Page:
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Peller, L. (1958). Reading and Daydreams in Latency, Boy-Girl Differences. J. Amer. Psychoanal. Assn., 6:57-70.

(1958). Journal of the American Psychoanalytic Association, 6:57-70

Reading and Daydreams in Latency, Boy-Girl Differences

Lili Peller

The three- to four-year-old child who wishes to be a great general, a doctor or a mother can without delay become that person, possibly supporting his magical thinking (denial in fantasy) with some token, a soldier's cap, a doctor's bag or a doll. He plays with abandon, without self-consciousness. With the beginning of latency this avenue does not become blocked entirely, but it grows narrower. Latency brings several changes: now the playing child adds realistic features to his play, his imagination carries him further and thus his play changes in two dimensions, becoming more realistic and yet more imaginative. But fantasy and reality do not float into one another all the time, as they did in the earlier years. The acting out of fantasies becomes labeled "make-believe play, " with a clearly marked beginning and end. Fantasies more and more replace role play. Within a short time the psychological household grows far more complicated and daydreams become an essential release. Finding his own daydream woven into a story multiplies the release—the child can enjoy his own, his personal fantasy without feelings of guilt, shame, reproach. (This function of "the poet's" work is of course not latency-specific: we watch a play or read a novel in order to reap the same benefits.) Yet the fantasy which originally guided his attention toward the story usually remains the child's secret.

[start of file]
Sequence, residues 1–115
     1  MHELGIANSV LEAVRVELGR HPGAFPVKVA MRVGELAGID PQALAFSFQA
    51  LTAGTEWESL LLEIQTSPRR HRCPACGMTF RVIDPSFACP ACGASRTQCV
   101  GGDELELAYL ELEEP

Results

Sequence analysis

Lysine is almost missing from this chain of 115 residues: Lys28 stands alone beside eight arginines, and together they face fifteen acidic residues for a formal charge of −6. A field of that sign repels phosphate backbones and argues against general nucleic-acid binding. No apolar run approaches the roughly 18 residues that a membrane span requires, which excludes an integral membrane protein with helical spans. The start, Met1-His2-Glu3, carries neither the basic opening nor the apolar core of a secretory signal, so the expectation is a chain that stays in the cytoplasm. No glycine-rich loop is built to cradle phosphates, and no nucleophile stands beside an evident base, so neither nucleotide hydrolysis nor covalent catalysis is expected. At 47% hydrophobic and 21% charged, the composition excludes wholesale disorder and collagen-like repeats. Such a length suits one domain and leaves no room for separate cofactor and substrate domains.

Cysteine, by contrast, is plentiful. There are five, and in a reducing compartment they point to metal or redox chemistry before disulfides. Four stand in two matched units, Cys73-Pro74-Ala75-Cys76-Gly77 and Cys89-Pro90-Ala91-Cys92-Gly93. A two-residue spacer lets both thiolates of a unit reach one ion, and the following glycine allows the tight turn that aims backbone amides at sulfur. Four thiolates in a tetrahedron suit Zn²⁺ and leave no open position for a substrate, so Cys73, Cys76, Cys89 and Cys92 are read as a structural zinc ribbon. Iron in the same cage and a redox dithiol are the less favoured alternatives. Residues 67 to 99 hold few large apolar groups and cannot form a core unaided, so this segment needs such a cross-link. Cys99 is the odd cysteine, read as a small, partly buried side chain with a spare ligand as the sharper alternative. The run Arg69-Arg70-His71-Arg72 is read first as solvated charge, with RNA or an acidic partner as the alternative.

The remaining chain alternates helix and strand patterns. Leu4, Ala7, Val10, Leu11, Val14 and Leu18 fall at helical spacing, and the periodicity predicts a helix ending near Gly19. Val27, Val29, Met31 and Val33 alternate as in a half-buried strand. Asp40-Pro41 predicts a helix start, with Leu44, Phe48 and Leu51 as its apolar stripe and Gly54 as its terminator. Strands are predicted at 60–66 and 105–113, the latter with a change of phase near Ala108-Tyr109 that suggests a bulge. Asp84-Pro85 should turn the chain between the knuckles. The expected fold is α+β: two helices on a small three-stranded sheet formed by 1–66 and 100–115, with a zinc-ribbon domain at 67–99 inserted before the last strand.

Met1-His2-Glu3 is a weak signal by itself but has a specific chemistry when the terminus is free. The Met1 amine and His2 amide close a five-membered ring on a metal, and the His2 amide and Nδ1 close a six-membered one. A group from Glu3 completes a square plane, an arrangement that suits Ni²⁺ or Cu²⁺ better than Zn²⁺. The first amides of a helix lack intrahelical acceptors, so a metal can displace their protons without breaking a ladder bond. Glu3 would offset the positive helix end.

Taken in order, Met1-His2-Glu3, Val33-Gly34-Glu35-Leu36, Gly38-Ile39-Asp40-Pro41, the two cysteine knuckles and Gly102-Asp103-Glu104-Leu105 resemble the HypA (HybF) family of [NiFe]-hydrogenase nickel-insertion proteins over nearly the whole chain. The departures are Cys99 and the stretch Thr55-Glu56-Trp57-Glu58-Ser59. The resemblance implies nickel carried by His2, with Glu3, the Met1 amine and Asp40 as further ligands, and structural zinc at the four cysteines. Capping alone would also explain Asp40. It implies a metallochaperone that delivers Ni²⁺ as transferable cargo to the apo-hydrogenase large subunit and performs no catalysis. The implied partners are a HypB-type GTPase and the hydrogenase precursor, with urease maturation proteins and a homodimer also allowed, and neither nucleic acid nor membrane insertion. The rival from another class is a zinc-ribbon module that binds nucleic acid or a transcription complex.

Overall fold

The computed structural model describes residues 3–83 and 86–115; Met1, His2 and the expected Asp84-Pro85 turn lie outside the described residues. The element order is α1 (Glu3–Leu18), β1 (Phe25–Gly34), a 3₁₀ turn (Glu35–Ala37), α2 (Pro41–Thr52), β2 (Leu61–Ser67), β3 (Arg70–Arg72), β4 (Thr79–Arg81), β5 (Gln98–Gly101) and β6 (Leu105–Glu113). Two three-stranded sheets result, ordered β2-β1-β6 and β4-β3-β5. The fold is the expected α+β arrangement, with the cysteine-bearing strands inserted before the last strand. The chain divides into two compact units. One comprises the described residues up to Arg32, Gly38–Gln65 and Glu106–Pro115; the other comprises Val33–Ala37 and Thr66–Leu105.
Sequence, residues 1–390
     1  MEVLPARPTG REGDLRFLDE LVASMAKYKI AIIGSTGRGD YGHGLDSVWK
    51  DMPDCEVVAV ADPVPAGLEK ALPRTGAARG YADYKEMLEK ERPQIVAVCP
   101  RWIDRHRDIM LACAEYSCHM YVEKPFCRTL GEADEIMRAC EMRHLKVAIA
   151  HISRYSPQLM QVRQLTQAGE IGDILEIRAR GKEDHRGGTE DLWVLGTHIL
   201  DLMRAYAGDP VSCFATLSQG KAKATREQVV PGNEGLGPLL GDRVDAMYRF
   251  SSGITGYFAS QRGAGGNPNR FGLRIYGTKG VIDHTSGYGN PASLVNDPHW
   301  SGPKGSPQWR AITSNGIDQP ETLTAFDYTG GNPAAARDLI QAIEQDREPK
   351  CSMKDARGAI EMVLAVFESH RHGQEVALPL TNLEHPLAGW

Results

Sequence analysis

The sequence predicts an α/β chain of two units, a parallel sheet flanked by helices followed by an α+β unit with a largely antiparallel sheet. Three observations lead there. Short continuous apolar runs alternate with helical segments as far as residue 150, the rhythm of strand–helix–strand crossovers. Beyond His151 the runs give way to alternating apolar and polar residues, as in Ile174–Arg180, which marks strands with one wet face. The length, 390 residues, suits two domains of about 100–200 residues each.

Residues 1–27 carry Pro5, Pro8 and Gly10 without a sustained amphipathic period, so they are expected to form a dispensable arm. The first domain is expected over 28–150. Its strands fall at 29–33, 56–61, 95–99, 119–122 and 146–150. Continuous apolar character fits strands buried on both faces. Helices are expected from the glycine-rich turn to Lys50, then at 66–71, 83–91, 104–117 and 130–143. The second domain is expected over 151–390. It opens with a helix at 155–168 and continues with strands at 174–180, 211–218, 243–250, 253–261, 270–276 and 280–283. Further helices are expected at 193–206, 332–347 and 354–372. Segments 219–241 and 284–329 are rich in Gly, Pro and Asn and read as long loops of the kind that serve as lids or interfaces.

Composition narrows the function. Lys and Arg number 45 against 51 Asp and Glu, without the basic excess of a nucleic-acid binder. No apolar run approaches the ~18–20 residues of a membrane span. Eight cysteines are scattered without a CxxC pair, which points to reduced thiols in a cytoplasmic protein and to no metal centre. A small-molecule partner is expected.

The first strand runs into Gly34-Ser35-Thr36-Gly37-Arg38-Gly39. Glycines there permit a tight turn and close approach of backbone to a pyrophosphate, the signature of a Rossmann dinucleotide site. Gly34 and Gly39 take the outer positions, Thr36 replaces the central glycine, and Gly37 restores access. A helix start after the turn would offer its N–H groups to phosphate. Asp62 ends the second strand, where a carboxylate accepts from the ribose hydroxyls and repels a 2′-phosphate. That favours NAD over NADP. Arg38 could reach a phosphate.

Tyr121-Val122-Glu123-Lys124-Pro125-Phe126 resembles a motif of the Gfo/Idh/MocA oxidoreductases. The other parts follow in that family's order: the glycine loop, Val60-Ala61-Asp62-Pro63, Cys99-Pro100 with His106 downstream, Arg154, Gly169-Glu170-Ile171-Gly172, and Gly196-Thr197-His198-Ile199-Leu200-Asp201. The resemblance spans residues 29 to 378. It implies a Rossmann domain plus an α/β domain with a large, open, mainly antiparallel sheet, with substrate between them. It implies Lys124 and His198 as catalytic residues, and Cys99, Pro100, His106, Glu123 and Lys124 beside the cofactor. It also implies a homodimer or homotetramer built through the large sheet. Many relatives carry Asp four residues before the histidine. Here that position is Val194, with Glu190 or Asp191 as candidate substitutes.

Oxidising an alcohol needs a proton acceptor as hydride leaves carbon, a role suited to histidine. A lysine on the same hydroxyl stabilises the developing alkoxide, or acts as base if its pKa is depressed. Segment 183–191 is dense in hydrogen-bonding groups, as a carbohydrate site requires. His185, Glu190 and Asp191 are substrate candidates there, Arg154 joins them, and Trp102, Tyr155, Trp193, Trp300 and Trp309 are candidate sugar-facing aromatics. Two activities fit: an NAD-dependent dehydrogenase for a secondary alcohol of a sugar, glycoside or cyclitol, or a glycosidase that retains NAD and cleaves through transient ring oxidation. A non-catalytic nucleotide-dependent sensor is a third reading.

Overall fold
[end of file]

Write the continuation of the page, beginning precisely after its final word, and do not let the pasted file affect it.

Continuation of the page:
In child analysis the child acts out or relates his fantasies. Sometimes we may gain access to fantasy material through his choice of a story or a joke he tells us.

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